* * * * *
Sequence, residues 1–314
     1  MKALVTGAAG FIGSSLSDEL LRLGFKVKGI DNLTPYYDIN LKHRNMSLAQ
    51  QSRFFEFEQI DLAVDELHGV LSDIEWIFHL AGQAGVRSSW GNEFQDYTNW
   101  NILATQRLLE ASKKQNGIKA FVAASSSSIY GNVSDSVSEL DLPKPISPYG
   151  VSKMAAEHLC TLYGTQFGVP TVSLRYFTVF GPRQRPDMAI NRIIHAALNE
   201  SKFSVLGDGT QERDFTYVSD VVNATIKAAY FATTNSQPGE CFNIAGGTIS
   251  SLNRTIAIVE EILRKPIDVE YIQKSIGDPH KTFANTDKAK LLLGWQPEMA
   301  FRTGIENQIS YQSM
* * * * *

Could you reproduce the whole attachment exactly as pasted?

Sequence, residues 1–314
     1  MKALVTGAAG FIGSSLSDEL LRLGFKVKGI DNLTPYYDIN LKHRNMSLAQ
    51  QSRFFEFEQI DLAVDELHGV LSDIEWIFHL AGQAGVRSSW GNEFQDYTNW
   101  NILATQRLLE ASKKQNGIKA FVAASSSSIY GNVSDSVSEL DLPKPISPYG
   151  VSKMAAEHLC TLYGTQFGVP TVSLRYFTVF GPRQRPDMAI NRIIHAALNE
   201  SKFSVLGDGT QERDFTYVSD VVNATIKAAY FATTNSQPGE CFNIAGGTIS
   251  SLNRTIAIVE EILRKPIDVE YIQKSIGDPH KTFANTDKAK LLLGWQPEMA
   301  FRTGIENQIS YQSM